Regardless of what you believe, you likely agree that we are experiencing a new paradigm on many levels.
Our elevated emotional states can be contagious. But this year also points out a need to take more timeouts to re-find our center, to be kinder to ourselves and others, understanding that we’re all challenged now.
There’s also the factor of reflection. Metaphysically, everything in our outer world is a reflection of something going on in our inner emotional, energetic world. So the outer world, in every aspect, near or far, is like a mirror for us.
Our experience of feeling others’ emotionality, especially if it triggers us, is telling us about an aspect of our emotionality that we are not addressing, that we are pushing away. It’s telling us about something we are resisting looking at within us because it is uncomfortable or painful.
Our inner emotional dynamics are mostly not conscious. Even in conventional psychology, it is commonly held that 95% of our brain activity is non-conscious. Most of the thoughts we think and emotions and feelings we feel are subconscious and unconscious.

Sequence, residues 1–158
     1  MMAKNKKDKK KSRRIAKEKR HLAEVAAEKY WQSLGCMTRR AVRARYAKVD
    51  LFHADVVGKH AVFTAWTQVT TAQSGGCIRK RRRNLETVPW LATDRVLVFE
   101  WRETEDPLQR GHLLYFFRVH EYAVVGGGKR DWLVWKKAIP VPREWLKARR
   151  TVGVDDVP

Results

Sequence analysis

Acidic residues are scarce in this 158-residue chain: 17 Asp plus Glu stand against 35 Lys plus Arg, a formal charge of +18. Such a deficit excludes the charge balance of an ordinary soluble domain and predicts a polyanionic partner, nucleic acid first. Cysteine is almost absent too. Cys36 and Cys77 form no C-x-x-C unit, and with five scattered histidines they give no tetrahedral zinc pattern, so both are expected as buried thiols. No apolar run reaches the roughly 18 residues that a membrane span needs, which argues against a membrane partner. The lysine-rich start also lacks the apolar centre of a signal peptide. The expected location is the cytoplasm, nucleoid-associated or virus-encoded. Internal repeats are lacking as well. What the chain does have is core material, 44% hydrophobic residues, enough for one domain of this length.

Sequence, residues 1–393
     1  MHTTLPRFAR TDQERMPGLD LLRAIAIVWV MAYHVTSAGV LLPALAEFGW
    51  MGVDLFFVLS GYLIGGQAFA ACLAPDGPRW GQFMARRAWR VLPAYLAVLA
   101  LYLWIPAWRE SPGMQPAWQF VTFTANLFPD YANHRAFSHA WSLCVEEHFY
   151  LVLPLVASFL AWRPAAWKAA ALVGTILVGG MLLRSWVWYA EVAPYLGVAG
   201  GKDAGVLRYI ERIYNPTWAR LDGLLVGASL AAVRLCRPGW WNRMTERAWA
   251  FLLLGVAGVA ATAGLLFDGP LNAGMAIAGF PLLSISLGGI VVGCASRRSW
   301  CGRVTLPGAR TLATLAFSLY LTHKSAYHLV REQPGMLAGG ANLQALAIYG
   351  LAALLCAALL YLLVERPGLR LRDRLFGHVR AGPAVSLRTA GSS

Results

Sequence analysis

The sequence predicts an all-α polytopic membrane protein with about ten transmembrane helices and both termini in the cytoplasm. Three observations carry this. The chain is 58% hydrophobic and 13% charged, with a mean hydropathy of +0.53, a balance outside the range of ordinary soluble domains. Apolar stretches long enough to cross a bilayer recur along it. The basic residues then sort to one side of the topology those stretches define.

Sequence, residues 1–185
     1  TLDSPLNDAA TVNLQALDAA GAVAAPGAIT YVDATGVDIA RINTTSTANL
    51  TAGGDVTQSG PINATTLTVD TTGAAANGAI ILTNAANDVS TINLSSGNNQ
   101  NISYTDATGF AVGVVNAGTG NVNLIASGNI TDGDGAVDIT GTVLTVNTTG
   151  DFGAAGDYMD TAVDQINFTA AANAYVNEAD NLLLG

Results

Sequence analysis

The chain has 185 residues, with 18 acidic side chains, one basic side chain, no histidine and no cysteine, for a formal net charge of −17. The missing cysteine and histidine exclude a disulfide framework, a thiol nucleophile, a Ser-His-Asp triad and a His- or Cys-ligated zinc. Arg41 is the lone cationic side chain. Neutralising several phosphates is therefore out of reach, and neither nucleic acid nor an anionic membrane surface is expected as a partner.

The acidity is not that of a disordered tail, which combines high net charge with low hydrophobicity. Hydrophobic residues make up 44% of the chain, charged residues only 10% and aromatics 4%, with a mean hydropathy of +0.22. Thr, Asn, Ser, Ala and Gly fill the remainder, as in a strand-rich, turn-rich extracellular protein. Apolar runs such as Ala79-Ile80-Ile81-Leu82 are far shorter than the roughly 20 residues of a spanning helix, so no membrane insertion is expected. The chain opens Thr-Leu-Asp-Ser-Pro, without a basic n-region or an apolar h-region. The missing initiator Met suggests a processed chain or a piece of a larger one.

So, we are most likely not aware of how we are subconsciously resisting something that is uncomfortable for us to feel or think about—a negative emotion, fear, anxiety, etc. Over time, we develop the habit of resistance toward that thing. That’s how our blind spots develop.
The problem is that resistance to something is as strongly attractive as liking or enjoying something. We can want something or resist it—either way, we are entangled with it (conscious or not).
So the “way out” is through—confronting what we are afraid of experiencing or looking at.
Coming full-circle, our triggers of feeling others’ emotions around us are messages from our subconscious and unconscious of what we’ve been resisting looking at within us. In the words of an amazing coach and mentor, “Our reality is our guru.” Our reality is reflecting back to us what is standing between us and our expansion into our greater potential.
As we release our emotional blocks within us through our awareness of them, we clear away our own inner muddy water. In doing that, we clarify our vessel through which our higher self can more clearly communicate the higher awareness and subtle gifts of the spirit. We can then expand into embodying our greater selves that we came to express and manifest in physicality this life.